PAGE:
According to Zoopla’s most recent house price index, 2022 will see slower property price growth due to ‘headwinds’ like higher mortgage rates, higher living costs, and increased taxes.
According to the online property portal, house prices will grow at 3% by December 2022 as opposed to a rate of over 6 percent now.
It was also noted that sellers’ unrealistic expectations about the value of their home could dampen market activity.
It said that mortgage rates will likely rise’modestly’ in 2022. This would bring the year to 3%. However, it claimed that a rise in mortgage rates would have a greater impact on sales volumes than price increases.
Slowing down: Zoopla predicts that property prices will slow in 2022.
Zoopla claims that existing borrowers could be more protected against higher mortgage rates than they were in the past.
Even if they do rise, the portal stated that there would be fierce competition among lenders.
More than 80 percent of mortgages are at fixed rates, with many being for five years.
Stress testing has already shown that they can afford mortgage rates at 7 percent, which is higher than the current market.
Property sales are expected to surpass 2007’s 1.5millon mark this year.
Zoopla predicted that £473billion worth of newly agreed sales will have taken place by the end of 2021, which is £95billion more than last year.
It said that although there was no sign of a cliff edge in buyers’ demand, the market activity was expected to slow down in the coming months.
Zoopla predicts that there will be approximately 1.2 million property sales in 2022. This is 20 percent less than the 1.5million this year. The stamp duty holiday, cheap mortgage deals and a surge in buyer demand for more space have all helped to buoy the market this year.
Zoopla reported that although there is still a shortage in homes available for sale, the demand for homes is 30% higher than the average five-years. It expects that demand will continue to rise’strongly’ through next year.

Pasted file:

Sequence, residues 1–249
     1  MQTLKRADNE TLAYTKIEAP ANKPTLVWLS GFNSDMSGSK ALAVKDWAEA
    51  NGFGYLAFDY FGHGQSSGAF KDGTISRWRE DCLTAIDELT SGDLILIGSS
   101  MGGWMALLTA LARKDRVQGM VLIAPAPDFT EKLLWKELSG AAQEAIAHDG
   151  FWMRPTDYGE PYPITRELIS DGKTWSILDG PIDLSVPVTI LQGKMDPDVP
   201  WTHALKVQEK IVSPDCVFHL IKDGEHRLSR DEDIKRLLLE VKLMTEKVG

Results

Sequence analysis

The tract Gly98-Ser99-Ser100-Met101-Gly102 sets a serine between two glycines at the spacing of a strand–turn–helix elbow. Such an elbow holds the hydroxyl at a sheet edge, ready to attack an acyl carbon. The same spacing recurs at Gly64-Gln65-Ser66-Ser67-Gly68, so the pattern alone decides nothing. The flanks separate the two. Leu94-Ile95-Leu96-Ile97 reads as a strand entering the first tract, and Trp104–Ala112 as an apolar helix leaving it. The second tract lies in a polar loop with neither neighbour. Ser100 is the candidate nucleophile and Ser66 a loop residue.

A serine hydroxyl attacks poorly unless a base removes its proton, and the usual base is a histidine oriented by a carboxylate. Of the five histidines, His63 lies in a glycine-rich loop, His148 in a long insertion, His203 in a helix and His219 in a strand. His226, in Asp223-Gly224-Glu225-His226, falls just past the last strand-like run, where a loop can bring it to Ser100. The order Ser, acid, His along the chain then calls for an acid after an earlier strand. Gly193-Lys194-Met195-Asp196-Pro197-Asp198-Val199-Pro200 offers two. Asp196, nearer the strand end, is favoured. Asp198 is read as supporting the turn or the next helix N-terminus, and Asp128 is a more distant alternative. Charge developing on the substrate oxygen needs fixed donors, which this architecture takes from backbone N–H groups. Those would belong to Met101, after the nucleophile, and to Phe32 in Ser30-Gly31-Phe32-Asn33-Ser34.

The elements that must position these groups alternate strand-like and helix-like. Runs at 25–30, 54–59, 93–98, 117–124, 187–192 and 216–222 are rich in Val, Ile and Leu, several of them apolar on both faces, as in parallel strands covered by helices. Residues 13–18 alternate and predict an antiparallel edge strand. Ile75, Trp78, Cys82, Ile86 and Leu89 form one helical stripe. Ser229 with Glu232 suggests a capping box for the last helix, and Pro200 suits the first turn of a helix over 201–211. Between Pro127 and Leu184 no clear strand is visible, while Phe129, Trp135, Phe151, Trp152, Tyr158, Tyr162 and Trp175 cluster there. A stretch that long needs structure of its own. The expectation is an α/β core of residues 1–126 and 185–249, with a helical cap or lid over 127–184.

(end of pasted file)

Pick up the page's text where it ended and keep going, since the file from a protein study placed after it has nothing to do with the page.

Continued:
Affordability: Housing price to earnings ratios for single earners across the country
According to the property portal, “The scarcity of houses is expected to continue well into 2022, supporting headline housing price inflation.”
Despite a “marked regional disparity” of 2.3 to 4% in London and 10.4 percent in Wales, house prices are currently rising at 6.6%.
Zoopla reported that above-average house price growth is expected in the most affordable market, where current growth rates are highest.
According to the data, the North West of England will experience the highest house price growth (at 4%) and East Midlands (2%) in 2022. London will experience the lowest at 2%.
Richard Donnell, executive director at Zoopla, said: ‘2021 is set to be a record year for the housing market with the most moves by homeowners since 2007 and nearly £500billion of home sales.
“The pandemic’s impact on the housing market will continue to run, but at a slower pace.
“We believe the market will continue to grow despite some headwinds such as higher living costs and higher mortgage rates.
“The latest data shows that there is a turning point with regards to the rate of house prices growth. We expect the pace to slow, with average house prices in the UK rising by 3 percent by 2022.
After the first lockdown in 2013, it was usually wealthy homeowners who chose to move from high-value properties. Zoopla says that this year, however, there were fewer homeowners who chose to move. Mortgage availability improved and more first-time buyers returned to the marketplace.
Zoopla reported that the mix of movers is now back to normal. This has led to a slower growth in the home’s value, which is indicative of a slowdown in future price growth.
While affordability levels have improved by 10% in London since 2016, affordability remains well above the long-term average. Zoopla said that this will limit future price rises in London’s highest-value areas and in southern England in 2022, and beyond.
Official data from the Office for National Statistics last week revealed that property prices have increased by 10.6 per cent to an average of £264,000, which is £25,000 more than this time last year.
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